Since U.S. President Joe Biden announced on April 14 that the United States would fully withdraw from Afghanistan by September 2021, there has been discussion — among regional observers and, according to reports, among diplomats — about the possible staging of U.S. forces just over the horizon from Afghanistan.
The Taliban made clear in a statement on May 26 that it would not accept U.S. forces based in countries near Afghanistan.
In his April 14 remarks, Biden stressed that the administration would “not take our eye off the terrorist threat” and would “reorganize our counterterrorism capabilities and the substantial assets in the region to prevent reemergence of terrorists — of the threat to our homeland from over the horizon.”
There are limited options for Washington, most of which will require new basing or access agreements with neighboring countries. Among those reported being discussed are Tajikistan, Uzbekistan, and Pakistan.
On an official level, the United States has remained mum about its efforts and has not directly answered the question of where, precisely, “over the horizon” is. In reference to Pakistan, for example, the spokesman for U.S. Forces Afghanistan, Sonny Leggett, said speculation about the U.S. seeking to set up bases in Pakistan is “false.”
The tide appears to be running against Washington’s efforts to find a foothold, in any case.
On Monday, Zamir Kabulov, Russia’s presidential envoy for Afghanistan, said that Uzbekistan and Tajikistan had assured Moscow that basing U.S. troops in their countries was “impossible.” But his comment to the Izvestia newspaper was that, per his contacts, there had not been an official appeal regarding basing. The context of the question matters: Kabulov had been asked how Russia could prevent U.S. forces from gaining a foothold in Central Asia. His response was that Russia didn’t need to worry about it.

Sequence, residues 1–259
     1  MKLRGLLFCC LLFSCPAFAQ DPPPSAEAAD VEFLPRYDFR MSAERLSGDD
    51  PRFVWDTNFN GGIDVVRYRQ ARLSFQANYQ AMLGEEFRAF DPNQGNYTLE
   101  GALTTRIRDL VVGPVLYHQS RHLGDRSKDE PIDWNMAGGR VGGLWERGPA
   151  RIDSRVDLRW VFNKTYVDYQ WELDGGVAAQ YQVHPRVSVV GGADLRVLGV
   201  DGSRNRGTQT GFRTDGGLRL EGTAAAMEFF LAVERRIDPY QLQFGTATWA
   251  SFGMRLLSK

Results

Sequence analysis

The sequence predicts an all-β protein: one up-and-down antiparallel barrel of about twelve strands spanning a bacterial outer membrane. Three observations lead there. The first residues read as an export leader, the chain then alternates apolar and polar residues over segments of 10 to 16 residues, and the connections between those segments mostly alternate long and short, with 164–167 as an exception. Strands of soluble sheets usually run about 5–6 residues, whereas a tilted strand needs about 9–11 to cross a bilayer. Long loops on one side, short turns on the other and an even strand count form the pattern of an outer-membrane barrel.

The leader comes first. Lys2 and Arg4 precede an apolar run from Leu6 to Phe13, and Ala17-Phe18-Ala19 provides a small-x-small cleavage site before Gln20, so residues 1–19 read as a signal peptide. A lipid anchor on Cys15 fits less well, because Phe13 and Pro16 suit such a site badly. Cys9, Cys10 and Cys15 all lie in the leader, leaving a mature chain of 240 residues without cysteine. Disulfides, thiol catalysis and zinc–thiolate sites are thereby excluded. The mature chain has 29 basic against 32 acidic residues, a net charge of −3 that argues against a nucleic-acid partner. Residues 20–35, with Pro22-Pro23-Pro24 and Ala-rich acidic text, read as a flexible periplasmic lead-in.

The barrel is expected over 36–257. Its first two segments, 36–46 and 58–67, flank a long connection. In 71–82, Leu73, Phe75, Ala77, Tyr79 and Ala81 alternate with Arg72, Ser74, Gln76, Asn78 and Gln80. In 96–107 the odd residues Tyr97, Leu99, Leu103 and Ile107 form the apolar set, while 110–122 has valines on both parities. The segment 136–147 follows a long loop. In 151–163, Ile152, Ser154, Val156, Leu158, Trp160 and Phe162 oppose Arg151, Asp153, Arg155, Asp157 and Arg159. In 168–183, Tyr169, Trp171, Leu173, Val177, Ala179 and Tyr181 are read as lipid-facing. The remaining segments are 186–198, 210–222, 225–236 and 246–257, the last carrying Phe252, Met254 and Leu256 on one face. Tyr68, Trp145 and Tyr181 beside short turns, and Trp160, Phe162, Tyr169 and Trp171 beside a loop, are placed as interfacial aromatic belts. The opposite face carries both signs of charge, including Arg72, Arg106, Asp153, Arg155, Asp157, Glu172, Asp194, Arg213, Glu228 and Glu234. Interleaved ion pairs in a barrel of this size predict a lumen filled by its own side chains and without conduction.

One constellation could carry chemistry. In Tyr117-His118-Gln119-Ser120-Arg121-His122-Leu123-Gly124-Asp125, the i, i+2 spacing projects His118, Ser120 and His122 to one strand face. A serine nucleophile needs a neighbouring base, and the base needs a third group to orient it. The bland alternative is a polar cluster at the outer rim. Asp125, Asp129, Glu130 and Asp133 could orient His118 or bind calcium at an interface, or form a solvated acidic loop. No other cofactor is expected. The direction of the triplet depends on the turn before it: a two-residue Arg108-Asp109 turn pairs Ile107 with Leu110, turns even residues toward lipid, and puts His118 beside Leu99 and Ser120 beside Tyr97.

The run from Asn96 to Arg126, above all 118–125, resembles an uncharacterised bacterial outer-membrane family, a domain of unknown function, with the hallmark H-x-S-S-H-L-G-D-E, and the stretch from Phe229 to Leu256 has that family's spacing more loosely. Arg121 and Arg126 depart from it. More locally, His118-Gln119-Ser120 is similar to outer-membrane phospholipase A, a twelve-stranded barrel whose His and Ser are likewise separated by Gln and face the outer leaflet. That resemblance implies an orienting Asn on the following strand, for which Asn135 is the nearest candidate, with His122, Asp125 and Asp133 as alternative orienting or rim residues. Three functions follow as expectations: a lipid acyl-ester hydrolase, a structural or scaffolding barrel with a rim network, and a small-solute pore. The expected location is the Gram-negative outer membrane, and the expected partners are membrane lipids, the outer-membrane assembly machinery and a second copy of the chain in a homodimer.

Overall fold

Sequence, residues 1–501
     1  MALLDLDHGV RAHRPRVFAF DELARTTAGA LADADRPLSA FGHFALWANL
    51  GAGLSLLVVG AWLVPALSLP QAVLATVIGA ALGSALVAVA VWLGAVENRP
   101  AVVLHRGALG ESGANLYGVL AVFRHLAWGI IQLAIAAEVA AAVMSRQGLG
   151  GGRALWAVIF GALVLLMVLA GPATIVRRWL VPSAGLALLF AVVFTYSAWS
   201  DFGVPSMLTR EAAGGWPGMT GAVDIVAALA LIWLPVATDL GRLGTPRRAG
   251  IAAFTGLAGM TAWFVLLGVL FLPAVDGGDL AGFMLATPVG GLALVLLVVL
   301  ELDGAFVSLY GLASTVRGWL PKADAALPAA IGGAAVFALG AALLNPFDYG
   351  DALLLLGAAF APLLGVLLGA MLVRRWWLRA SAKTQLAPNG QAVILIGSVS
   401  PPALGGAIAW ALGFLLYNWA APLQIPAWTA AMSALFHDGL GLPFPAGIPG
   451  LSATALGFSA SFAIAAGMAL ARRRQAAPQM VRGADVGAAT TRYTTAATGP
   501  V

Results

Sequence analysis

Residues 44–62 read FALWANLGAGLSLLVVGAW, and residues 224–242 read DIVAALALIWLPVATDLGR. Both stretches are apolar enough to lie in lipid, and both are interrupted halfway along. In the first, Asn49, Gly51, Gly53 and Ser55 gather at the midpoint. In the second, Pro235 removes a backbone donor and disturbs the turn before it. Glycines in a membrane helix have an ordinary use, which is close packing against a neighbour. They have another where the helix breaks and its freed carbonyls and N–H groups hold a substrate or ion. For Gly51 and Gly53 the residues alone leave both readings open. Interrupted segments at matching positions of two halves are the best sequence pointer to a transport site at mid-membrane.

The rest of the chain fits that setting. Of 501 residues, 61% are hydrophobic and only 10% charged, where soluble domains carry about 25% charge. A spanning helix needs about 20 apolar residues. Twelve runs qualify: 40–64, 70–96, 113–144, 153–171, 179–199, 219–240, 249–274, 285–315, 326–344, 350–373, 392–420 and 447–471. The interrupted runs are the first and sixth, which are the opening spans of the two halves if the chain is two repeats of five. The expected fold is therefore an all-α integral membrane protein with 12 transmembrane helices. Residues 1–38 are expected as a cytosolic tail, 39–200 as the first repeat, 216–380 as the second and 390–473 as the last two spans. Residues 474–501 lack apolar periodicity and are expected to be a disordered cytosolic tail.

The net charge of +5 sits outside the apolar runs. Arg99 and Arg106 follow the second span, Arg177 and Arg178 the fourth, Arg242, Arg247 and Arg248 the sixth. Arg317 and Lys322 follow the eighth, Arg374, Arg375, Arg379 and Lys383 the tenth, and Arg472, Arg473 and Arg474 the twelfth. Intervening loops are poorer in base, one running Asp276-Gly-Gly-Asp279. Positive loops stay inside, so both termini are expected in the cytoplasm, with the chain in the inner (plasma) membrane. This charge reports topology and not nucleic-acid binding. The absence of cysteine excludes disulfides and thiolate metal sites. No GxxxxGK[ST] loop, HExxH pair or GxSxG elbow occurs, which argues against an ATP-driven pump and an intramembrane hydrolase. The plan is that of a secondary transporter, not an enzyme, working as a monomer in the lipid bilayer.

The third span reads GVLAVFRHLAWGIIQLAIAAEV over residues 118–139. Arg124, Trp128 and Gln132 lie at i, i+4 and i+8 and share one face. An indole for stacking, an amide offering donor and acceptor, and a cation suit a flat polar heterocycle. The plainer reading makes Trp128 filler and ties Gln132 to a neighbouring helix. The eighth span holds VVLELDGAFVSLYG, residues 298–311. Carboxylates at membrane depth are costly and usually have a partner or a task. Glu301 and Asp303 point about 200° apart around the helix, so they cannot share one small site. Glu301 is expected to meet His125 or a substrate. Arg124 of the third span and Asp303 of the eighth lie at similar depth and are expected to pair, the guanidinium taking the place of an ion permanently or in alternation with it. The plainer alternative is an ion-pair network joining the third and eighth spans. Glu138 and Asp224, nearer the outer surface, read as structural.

Tajik and Uzbek officials have remained relatively quiet, though various Uzbek authorities have pointed out that the country has a law in place barring foreign troops from being based on its territory. Kabulov, meanwhile, noted that Tajikistan is a member of the Collective Treaty Security Organization (CSTO) and suggested any basing deals would need to run through the organization.
U.S. Special Representative for Afghanistan Reconciliation Zalmay Khalilzad visited Tashkent, Kabul, and Dushanbe in rapid succession in early May, but it’s not clear from the resulting public statements whether the basing issue was discussed.
Following Kabulov’s comments, Pakistan weighed in next. Foreign Minister Shah Mehmood Qureshi told the country’s Senate on Tuesday that Islamabad would not allow U.S. bases or permit Washington to launch drone operations from its territory.
“Forget about the past,” he said, in reference to previous arrangements under which the United States did use Pakistani territory to launch drone strikes.
Then on Wednesday, the Taliban added its voice to the chorus, stating sharply and unequivocally regarding foreign bases in neighboring countries: “God forbid, if such a step is taken once again, it will be a great historic mistake and disgrace that shall forever be inscribed as a dark stain in history.”
The Taliban statement urged neighboring countries to not allow foreign forces to be based in their territory and threatened consequences for any that do.
“As we have repeatedly assured others that our soil will not be used against the security of others, we are similarly urging others not to use their soil and airspace against our country. If such a step is taken, then the responsibility for all the misfortunes and difficulties lies upon those who commit such mistakes.”
The Taliban did not name specific countries.